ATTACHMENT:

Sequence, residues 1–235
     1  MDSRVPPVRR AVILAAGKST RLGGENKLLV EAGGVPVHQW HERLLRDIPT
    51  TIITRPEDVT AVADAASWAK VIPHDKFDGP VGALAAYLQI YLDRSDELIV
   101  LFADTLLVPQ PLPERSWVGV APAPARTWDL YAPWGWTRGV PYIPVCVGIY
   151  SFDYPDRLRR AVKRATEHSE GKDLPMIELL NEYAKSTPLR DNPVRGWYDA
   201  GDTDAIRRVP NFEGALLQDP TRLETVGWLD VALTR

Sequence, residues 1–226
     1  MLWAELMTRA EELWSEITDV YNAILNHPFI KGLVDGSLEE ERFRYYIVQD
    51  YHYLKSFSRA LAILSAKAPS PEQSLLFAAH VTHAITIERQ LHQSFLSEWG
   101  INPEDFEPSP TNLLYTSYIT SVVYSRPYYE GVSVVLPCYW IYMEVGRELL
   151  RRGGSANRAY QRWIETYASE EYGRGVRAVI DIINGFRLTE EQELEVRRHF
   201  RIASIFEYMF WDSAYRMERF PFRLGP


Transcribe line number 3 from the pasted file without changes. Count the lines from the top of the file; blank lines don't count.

    51  TIITRPEDVT AVADAASWAK VIPHDKFDGP VGALAAYLQI YLDRSDELIV